By Angie Georgeff
It seems as though we just got the library decked with pumpkins and turkeys and now we have to put up our Christmas trees and wreaths. Fortunately, most of us who work here at the library enjoy decorating. And Story is still young enough to enjoy, shall we say, redecorating. I know from years of experience that cats prefer low-hanging Christmas ornaments to be on the floor–and if they break on the way down, well, so be it.
Decking the halls, walls, doors and floors is one way to get in the spirit of the season, but reading can get you to that destination as well, and not just with the Christmas stories of Debbie Macomber, Richard Paul Evans, Charles Dickens and Dr. Seuss. I still enjoy watching the 1966 version of “How the Grinch Stole Christmas!” with my three grandchildren each year, but the Christmas passages from “Little Women” are just as dear to me.
The novel starts with Jo lying on the rug grumbling that “Christmas won’t be Christmas without any presents.” Her father is a chaplain with the Union Army during the Civil War, and money for the little luxuries that she and her sisters had anticipated as gifts is in short supply.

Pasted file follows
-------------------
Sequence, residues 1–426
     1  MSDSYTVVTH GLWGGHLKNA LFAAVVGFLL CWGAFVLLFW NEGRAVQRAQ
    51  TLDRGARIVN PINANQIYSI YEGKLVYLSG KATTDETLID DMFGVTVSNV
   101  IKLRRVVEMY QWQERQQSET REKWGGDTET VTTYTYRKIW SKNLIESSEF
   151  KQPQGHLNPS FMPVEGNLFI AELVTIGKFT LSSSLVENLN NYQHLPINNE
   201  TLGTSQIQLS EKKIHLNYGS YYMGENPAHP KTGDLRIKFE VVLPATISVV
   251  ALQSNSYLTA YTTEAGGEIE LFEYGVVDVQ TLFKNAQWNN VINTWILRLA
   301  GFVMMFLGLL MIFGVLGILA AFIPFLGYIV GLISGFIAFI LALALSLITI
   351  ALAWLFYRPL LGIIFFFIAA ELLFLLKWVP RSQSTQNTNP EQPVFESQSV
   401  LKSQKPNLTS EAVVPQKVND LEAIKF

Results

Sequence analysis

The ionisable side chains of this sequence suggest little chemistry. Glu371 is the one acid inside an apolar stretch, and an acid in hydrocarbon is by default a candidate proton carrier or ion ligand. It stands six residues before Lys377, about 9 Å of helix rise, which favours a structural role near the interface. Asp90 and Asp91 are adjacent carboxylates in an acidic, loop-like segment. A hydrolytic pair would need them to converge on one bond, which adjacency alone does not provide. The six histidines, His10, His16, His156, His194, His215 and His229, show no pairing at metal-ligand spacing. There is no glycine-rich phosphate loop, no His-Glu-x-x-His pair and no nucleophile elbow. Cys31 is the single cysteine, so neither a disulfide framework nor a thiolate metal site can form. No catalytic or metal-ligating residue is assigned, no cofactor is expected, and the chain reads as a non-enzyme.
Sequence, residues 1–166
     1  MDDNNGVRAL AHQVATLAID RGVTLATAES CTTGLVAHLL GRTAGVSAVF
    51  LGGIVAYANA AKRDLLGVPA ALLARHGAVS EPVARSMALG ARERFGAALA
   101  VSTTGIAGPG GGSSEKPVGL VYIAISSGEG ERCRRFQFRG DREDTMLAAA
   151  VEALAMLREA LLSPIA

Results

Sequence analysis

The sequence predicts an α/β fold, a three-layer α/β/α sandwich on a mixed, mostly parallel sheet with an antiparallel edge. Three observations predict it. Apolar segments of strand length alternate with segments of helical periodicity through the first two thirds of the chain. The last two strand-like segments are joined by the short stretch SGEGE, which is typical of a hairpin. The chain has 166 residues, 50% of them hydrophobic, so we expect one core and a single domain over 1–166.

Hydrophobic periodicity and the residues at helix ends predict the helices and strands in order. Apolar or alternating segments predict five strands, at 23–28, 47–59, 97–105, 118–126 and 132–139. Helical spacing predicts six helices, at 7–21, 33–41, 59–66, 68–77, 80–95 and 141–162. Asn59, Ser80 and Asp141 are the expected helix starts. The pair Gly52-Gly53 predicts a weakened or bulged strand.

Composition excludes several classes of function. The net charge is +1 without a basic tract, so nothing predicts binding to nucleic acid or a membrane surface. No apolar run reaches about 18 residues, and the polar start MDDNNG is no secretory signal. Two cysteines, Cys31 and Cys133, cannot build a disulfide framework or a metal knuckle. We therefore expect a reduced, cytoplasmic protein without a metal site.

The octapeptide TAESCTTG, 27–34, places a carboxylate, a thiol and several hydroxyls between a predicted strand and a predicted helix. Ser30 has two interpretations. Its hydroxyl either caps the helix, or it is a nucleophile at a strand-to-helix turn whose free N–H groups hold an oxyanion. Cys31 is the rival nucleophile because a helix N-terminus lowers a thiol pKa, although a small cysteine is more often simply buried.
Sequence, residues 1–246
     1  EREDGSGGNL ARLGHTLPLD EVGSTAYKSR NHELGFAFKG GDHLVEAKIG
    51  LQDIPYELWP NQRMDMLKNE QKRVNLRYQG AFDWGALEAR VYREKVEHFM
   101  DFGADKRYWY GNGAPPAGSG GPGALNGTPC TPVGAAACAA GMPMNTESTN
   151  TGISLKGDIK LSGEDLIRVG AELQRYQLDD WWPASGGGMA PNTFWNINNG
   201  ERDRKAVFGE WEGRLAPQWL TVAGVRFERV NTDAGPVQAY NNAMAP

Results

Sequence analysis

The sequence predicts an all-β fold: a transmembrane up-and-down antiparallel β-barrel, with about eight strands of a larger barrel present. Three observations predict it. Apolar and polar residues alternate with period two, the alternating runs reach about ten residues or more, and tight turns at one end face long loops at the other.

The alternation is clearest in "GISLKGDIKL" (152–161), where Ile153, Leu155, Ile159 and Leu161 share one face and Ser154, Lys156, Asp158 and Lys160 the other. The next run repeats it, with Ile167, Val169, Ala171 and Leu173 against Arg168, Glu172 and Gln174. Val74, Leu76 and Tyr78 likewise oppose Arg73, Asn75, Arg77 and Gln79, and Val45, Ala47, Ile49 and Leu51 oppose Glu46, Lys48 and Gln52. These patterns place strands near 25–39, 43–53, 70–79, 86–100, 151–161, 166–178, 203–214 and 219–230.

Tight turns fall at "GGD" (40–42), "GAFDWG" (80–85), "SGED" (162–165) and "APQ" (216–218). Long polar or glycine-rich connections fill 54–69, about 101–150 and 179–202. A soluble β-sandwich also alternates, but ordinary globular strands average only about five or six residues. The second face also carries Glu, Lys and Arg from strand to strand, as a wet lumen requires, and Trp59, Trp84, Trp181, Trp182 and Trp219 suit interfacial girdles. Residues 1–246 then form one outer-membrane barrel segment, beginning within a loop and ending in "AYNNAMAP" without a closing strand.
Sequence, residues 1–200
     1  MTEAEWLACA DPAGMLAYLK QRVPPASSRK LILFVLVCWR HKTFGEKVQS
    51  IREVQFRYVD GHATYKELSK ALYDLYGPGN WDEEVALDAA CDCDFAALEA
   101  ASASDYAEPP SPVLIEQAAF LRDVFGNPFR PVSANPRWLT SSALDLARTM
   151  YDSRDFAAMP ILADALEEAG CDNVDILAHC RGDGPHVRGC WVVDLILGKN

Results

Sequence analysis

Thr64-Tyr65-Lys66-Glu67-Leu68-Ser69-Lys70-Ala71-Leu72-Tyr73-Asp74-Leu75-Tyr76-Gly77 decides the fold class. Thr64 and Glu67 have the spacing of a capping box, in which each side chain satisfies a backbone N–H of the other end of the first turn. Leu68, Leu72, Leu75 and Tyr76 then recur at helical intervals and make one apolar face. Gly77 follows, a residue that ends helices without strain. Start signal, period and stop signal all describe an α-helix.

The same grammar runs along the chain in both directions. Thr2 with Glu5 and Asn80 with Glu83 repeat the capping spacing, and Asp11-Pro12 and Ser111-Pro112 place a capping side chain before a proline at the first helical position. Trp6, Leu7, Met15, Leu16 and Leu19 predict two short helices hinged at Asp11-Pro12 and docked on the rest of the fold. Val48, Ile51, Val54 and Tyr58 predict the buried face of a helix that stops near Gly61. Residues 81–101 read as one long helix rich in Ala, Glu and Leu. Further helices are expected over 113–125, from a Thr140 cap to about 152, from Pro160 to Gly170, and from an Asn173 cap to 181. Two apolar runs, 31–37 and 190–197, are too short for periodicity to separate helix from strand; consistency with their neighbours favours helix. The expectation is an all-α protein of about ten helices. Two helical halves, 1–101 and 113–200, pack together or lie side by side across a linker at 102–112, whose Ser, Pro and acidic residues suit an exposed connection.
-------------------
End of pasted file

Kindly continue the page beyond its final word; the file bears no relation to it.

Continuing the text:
They each have one dollar of their own that they may spend as they see fit. At first, the girls consider buying Christmas presents for themselves, but they soon decide to spend the money on Marmee, their mother. They still have a celebratory breakfast to look forward to, but they give that up as well—and cheerfully–when an immigrant family has greater need of it than they.
In spite of all they have sacrificed, the four March girls have a very merry Christmas, with accident-plagued amateur theatricals and an unexpectedly elegant supper. It is a small portion of the novel, but these are my favorite chapters. I tend to think of them any Christmas when I need a little nudge in the right direction.
As we have done for several years, the library staff has “adopted” a family for Christmas. There are four children between the ages of nine and three and we are collecting toys, clothing and food to help make their Christmas a bit merrier. Miss Cindy has prepared a list of clothing sizes with specific needs and favorite kinds of toys for each of the kids. If you would like to help, you may pick up a copy of the list at our circulation desk or call the library at 743-6533 for information.
In addition, our Teen Advisory Group has adopted two residents at a local nursing facility and they are collecting clothing, toiletries and comfort items for one man and one woman. Please see our Unicoi County Public Library Kids and Teens Facebook page for more information about this project.